|So what have we discovered as disadvantages to our full time RV mountain living? A huge number-one for me is TIME. I expected to have more time to recreate and enjoy the area where we are living. The tasks that use up my time are: 1)Work- My employer goes to a four day work week during the summer months so that helps but I still leave the RV at 6:30 am each morning and am unable to return until about the same time each evening. That's 12 hours away from the resort. The commute is still only 45 minutes one way just as it was from Grants Pass but it seems longer since it is on a winding mountain road where I must be conscious while the Grants Pass commute is on a freeway where I am only semi-conscious. I figure they are both equally dangerous because I am always in danger of hitting a deer in the mountains or another semi-conscious commuter on the freeway. 2)Other jobs - I have still not given up several of the products from the corporation I owned before going back to working for a wage and those products can take up time when preparing and shipping orders.|
3)Laundry takes time away from recreation. It can no longer be done while watching television because we don't have a television and we don't have a washer/dryer in the RV. 4)Writing this Webpage takes time away from recreation. 5) Finally, riding a bike takes time away from kayaking which takes time away from hiking ... such a dilemma.
Gwen is also struggling with not having enough time to recreate. She works so hard at the resort that she is often too tired to do much else afterward but this schedule will likely change soon and she still enjoys
the people she works with. She still says everyday how much she enjoys living at the lake ... apparently it's the atmosphere which dilutes the work-load.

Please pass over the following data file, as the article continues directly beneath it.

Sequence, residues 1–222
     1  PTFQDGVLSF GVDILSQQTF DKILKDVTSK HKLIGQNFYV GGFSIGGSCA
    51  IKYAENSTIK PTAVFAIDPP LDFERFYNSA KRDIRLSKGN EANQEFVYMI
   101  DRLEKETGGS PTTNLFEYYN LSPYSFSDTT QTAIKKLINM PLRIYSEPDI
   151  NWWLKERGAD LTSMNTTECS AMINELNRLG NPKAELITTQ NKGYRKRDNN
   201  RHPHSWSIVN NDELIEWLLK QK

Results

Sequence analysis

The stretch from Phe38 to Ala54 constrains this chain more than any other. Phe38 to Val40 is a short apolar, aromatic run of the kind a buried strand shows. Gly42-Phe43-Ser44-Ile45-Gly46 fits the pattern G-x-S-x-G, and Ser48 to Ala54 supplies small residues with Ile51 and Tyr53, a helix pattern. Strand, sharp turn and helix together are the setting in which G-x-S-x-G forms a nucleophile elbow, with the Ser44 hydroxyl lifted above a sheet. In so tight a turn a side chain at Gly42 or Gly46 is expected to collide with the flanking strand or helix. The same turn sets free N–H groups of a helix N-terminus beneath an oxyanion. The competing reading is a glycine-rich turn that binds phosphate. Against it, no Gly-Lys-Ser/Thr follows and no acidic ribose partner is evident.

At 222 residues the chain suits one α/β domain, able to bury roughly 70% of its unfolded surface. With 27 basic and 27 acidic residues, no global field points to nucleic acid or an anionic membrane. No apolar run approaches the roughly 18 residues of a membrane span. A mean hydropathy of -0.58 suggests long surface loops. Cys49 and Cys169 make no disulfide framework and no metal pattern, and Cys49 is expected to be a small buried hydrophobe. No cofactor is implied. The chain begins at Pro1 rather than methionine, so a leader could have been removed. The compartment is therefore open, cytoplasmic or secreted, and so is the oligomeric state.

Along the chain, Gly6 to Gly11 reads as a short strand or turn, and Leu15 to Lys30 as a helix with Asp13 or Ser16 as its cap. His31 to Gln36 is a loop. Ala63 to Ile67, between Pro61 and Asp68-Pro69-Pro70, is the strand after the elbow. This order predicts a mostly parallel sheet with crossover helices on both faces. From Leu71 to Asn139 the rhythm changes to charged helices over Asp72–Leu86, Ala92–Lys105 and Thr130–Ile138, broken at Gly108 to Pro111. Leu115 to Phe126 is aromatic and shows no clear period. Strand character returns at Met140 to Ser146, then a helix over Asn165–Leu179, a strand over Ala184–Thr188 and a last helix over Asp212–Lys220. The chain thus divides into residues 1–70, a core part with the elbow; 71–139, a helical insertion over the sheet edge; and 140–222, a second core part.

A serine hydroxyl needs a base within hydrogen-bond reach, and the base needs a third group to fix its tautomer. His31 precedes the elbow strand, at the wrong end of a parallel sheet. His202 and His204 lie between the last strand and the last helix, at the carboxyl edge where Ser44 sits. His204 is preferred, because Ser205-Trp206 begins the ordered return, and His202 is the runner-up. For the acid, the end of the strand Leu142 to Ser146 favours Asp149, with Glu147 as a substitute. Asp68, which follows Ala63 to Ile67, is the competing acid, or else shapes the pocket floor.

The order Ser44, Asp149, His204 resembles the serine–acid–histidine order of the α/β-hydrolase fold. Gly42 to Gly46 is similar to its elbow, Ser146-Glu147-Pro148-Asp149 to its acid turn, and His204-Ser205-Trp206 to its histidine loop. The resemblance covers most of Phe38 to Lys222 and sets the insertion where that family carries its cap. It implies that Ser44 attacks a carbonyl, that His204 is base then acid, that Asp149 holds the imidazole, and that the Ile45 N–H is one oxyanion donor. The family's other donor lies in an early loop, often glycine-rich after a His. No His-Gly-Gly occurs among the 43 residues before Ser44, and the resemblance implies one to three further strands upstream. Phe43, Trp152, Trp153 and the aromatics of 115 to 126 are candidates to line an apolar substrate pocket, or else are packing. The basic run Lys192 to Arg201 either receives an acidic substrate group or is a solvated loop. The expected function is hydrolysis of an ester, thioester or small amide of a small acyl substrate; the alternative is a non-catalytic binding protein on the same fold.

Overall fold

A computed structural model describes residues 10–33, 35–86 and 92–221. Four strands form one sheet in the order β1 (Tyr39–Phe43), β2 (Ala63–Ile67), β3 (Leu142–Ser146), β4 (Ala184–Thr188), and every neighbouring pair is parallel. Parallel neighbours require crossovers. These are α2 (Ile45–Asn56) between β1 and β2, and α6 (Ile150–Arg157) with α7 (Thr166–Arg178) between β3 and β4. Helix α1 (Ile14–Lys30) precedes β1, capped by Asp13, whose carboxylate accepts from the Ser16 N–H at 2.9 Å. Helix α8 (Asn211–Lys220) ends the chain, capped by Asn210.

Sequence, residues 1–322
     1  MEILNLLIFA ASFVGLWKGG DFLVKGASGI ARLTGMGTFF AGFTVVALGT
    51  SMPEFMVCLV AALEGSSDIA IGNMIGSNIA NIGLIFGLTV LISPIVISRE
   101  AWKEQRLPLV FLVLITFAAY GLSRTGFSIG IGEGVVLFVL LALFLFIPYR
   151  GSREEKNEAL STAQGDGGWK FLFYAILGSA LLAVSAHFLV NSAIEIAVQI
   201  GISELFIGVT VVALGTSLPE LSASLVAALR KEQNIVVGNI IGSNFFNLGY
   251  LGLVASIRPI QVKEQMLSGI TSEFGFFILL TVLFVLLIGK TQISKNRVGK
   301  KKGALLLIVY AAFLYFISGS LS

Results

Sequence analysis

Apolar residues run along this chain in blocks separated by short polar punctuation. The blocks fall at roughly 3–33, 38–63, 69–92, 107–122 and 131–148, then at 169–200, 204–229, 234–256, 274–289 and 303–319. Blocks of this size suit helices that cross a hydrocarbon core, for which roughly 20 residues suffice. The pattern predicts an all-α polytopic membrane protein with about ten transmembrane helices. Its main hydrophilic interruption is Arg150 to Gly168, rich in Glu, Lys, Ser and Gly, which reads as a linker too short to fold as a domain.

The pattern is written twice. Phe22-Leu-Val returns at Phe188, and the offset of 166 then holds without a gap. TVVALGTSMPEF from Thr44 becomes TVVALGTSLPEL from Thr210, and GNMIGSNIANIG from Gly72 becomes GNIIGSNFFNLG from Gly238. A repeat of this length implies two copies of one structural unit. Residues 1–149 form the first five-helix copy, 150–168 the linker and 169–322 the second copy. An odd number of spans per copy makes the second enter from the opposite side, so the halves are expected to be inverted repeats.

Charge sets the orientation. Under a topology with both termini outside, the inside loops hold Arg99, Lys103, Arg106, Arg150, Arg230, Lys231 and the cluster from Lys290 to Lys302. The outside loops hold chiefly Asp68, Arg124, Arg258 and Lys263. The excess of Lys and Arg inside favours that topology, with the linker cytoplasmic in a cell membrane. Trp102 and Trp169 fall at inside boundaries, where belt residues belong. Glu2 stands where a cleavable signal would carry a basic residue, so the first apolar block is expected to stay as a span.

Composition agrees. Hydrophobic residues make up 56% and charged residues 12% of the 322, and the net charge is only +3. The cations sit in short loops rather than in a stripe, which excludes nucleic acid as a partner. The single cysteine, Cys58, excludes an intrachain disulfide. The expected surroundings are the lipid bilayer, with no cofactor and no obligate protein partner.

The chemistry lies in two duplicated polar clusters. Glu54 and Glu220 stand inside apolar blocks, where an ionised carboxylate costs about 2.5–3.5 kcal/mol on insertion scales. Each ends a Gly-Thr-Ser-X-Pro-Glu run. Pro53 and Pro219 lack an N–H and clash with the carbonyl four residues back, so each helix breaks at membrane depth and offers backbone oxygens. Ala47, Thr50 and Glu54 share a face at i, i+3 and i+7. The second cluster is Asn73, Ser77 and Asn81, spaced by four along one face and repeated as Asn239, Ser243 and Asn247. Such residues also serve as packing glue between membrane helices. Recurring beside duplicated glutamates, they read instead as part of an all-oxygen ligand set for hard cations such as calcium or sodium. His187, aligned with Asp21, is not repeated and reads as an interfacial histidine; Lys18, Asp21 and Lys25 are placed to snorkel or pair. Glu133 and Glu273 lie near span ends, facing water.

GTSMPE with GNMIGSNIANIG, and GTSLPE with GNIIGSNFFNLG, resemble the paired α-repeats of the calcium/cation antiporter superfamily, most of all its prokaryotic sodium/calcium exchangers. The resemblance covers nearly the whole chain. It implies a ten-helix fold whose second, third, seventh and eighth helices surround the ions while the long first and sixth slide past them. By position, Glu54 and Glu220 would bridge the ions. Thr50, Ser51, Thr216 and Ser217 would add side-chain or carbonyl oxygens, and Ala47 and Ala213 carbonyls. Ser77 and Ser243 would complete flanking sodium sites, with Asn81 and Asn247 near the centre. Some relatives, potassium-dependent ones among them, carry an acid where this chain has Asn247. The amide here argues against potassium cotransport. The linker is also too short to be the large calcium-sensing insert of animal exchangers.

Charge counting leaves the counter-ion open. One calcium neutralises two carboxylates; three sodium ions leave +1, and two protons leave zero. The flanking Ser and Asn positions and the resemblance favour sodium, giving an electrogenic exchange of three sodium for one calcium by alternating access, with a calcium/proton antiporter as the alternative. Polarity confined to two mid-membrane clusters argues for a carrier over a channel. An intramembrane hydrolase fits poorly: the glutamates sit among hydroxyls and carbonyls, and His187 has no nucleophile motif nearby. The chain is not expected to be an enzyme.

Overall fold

For me, the commute to work has become a negative even though it is the same length as the commute from Grants Pass. Is it harder on the car with much more braking and tight turns down the mountain it will cause much more maintenance for the vehicle.
sports, like mountain biking, are done at a level where I enjoy doing it alone so I'm not getting bored waiting for Gwen to get off work anyway. We expect this to change as the season slows.
Ok ... a huge disadvantage is not having access to the Internet from home. I'll mention more about this on the next page.
The nearest grocery store is 20 miles and 3,500 feet below the resort. Again, not a negative for full time RV living but somewhat of a disadvantage to living high in the mountains. Since I commute to work each day, I can usually stop for supplies.
Our cell phones don't work well at the resort. They switch from digital to analog which drains the battery faster if we don't leave them plugged in. The signal is also so weak that we can hear the caller when they call us but they can't hear us. This problem along with not having the Internet means we are not as well connected as we were in Grants Pass.
I have some major stationary woodworking tools (like a table saw) at home in Grants Pass. There are a number of projects I'd like to complete for the RV which will require these tools and can't be completed until I return home. I see this as a major disadvantage for any man who is used to completing woodworking projects in his garage.
Our trailer only has 30 amp service. 30 Amps is a limit at times.
We miss our hot tub at home.
Morgan must be tied outside when we leave, she doesn't at home. Annie has a cat-door at home so we don't have to open the door for her.
I don't have as nice a music system in the trailer as I do at home.
There isn't as much room in the trailer to spread out computer office equipment such as printers, scanners or desk space.
Note that I have not mentioned, not having a comfortable place to sit. At first we did not like the hide-a-bed couch nor the two recliners which came with the coach. We eventually removed both and replaced them with our love-seat from home and a desk with office chair for a computer station. Now we are comfortable.
Do any of these disadvantages seem terrible to you? They don't to me. My children asked me about "privacy". Can I get enough private time without Gwen in only 300 square feet. Since there is a door between the bedroom area and living area, there have been times when one of use is sleeping or reading while the other is doing something different in the other room. And, since we are both working, we get plenty of "away" time that privacy has not been a problem. I have to wonder what it might be like if we were both "retired" and living together 24 hours each day. I doubt that it would be a problem.
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